I can't tell you how many times I've sat with a restaurant operator who does not know how much their coffee costs per pound or per cup. No wonder there's obvious sticker shock when I present coffees with wholesale pricing in the $10/lb range. Many times managers are buying coffee in pre-ground pre-portioned bags in cases of 100 units... I've seen wild price differences in these from what breaks down to $8/lb all the way up to $17/lb! So needless to say, it's a huge benefit to do the math, learn your per cup price, and ask yourself if you're getting the best value.
Here's how to break down your per cup price:
- if you buy coffee by the pound:
price per pound ÷ cups of coffee from 1 pound of coffee
(to figure out cups per pound I like to assume 20 grams of roasted coffee yields one 10oz cup... so 453 grams in 1lb = 22.6 cups per pound)
example: $12/lb ÷ 22.6 = $.53 per cup
- if you buy coffee in cases of preground packs:
(ounces of individual units x amount of units in case) ÷ 16oz = pounds of coffee in case ---> price of total case ÷ pounds of coffee in case = price per pound, then work this price through the first equation.
Some quick math to consider when shopping per pound price is to start with $10/lb and work a +/- equation. So, a $10/lb coffee costs $.44, just add $.045 per cup for $1 more per pound... or subtract $.045 per cup for every $1 per pound lower then $10/lb
#4) Know your roaster
In an emerging culture of knowing where our food comes from, knowing where our coffee comes from is as equally important. The first step in that for any restaurant is knowing their roaster. Not only does the build transparency, but there's a number of other benefits in knowing who roasts your beans and working closely with them....
- Exclusive coffees / blends - talking with your roaster about what you specifically want out of a coffee will often lead to a special blend of exclusive origin coffee that will pair exceptionally well with your brand or food. Roasters love working with other culinary people to create something unique!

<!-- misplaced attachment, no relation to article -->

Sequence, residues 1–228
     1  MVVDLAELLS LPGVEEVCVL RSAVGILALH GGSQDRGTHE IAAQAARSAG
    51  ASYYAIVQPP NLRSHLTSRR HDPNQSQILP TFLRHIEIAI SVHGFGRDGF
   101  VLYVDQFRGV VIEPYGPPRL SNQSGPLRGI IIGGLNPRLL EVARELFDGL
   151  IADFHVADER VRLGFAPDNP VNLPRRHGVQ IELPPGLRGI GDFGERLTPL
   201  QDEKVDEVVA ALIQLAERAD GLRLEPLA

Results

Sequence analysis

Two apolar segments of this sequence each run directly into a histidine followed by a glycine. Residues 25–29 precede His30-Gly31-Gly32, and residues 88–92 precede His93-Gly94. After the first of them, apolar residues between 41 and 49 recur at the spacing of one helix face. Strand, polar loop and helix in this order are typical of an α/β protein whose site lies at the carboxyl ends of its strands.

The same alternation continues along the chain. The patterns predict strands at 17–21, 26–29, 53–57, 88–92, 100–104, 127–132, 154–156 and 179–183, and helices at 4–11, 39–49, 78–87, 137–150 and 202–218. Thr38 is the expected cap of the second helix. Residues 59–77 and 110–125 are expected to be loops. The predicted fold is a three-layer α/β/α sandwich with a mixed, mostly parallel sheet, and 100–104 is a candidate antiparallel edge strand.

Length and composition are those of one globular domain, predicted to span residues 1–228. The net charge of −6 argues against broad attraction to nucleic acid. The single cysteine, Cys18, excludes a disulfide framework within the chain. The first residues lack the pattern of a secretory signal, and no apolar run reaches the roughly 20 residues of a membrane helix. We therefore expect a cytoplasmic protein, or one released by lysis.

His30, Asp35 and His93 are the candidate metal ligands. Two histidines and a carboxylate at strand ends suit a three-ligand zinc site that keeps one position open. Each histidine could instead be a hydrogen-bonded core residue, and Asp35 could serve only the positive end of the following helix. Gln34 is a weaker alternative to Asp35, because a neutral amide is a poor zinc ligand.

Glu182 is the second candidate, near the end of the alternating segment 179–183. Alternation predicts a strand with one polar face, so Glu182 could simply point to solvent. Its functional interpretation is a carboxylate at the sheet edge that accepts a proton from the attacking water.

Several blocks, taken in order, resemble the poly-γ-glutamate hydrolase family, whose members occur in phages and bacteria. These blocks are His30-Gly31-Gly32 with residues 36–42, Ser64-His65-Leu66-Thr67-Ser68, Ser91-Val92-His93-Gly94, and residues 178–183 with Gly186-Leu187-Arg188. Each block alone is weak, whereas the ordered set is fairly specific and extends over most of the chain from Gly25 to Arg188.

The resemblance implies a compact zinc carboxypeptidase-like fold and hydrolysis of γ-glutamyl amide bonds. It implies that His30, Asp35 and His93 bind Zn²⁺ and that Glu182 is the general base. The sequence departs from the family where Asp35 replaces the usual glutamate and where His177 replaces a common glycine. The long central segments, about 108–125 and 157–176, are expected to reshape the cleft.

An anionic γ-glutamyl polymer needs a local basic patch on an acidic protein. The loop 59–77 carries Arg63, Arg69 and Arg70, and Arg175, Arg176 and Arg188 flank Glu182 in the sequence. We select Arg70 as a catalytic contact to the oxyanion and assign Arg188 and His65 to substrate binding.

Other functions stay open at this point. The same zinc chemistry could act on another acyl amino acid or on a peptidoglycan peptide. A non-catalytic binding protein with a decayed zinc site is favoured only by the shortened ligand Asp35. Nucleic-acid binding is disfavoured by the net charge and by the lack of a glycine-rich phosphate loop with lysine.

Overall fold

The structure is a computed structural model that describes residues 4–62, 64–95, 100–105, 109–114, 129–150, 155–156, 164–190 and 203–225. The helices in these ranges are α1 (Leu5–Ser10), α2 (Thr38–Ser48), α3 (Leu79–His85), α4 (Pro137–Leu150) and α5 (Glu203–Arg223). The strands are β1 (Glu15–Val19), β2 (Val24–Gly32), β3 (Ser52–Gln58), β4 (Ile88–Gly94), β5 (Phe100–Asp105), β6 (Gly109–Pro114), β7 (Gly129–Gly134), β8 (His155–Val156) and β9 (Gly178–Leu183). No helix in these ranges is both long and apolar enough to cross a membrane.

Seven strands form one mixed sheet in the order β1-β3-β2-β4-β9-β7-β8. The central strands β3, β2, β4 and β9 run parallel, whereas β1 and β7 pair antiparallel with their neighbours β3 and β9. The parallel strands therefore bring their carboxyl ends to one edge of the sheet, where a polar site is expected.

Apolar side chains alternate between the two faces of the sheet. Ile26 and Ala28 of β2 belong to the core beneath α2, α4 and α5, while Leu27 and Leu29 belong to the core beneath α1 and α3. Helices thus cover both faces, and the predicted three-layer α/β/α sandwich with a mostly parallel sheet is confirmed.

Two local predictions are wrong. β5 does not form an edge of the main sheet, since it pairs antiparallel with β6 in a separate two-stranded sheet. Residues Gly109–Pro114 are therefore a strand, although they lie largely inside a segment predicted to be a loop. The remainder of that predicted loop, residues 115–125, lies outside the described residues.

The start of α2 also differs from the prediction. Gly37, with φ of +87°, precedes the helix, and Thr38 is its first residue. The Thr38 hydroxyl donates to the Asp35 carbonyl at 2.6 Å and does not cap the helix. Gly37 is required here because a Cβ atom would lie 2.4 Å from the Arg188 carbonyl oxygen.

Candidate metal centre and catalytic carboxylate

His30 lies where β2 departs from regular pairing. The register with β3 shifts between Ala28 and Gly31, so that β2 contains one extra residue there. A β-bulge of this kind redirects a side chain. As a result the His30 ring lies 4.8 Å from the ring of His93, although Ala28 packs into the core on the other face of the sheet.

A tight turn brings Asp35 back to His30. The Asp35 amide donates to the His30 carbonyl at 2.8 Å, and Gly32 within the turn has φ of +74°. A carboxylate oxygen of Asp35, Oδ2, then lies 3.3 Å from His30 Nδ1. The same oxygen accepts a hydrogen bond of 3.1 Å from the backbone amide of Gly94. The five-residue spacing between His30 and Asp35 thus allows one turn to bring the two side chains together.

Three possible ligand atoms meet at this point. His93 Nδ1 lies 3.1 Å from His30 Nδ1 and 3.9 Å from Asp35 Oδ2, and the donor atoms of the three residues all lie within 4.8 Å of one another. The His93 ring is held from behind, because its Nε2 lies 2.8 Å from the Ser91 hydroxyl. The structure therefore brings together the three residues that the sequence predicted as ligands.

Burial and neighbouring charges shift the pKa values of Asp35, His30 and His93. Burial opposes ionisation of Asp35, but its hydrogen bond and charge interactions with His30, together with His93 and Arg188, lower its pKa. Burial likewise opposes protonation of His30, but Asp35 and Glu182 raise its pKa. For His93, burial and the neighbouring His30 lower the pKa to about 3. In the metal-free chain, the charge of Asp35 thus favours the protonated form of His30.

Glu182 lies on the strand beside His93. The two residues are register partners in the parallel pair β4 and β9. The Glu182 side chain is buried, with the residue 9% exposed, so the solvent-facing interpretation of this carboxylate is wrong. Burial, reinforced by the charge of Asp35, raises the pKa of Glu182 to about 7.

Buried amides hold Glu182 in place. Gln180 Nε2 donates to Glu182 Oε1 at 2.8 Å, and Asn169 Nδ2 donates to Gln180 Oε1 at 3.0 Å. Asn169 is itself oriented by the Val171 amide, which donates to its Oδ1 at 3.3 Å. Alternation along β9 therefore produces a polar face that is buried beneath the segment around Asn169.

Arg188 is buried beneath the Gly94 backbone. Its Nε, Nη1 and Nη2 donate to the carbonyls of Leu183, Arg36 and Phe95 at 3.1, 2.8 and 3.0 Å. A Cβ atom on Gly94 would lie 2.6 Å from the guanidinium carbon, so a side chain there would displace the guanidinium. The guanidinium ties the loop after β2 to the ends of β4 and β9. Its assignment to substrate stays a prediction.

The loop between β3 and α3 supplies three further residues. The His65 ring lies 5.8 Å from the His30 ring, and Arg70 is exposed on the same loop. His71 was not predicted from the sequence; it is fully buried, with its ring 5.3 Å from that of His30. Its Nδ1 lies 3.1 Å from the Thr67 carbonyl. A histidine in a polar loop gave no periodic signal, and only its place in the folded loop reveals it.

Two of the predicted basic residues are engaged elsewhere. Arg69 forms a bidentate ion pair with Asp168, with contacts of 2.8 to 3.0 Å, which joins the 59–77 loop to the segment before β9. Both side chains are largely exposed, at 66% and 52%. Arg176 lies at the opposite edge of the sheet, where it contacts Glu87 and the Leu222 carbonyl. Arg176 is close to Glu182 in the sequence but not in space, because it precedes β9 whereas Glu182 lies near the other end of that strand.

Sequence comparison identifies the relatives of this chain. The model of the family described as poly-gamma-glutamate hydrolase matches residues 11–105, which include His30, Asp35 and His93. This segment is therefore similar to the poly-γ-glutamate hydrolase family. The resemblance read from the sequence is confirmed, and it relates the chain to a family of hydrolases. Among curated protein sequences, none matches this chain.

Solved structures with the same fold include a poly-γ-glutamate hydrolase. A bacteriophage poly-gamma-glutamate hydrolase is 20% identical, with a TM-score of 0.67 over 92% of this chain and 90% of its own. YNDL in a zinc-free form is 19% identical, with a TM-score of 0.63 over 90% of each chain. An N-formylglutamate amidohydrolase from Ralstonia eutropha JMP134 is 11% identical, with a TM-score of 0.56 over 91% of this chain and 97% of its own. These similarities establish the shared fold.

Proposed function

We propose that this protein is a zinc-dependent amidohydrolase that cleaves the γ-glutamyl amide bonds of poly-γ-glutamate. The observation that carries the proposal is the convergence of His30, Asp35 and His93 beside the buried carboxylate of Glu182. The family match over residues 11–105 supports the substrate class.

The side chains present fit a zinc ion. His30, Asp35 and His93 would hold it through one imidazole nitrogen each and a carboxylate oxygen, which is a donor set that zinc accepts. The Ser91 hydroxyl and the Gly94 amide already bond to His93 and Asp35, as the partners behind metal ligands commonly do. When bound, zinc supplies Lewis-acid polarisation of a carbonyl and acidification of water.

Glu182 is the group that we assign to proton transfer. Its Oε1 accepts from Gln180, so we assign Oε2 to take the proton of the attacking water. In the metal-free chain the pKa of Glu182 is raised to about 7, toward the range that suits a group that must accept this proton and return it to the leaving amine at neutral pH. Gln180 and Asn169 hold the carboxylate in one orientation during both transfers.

- Dialing in - generally speaking, specialty roasters know better then anyone how their coffee should be brewed. Ask them to come in and set up your brewer/grinder to brew their coffee best
- Marketing - restaurant guests love to see a familiar name on the menu and will be much more likely to grab a cup of coffee with their dessert if you happen to be serving coffee from their favorite morning coffee stop.
#5) Serve it like you mean it!
Business is all about the details. Not only is there money to be made be giving a little thought to your restaurant coffee program, but adding a refreshing touch to your menu will speak volumes about your brand.
Hopefully by reading the above you've seen how easy it is to take your coffee to the next level. So why not feature your coffee in the same light as the rest of the items on your menu? Coffee can easily become just a obligatory menu item, but with just a little effort on your part, it can add serious value for your customers and your bottom line!
Have more questions about serving better coffee in your restaurant or cafe? Drop us an email here - email@example.com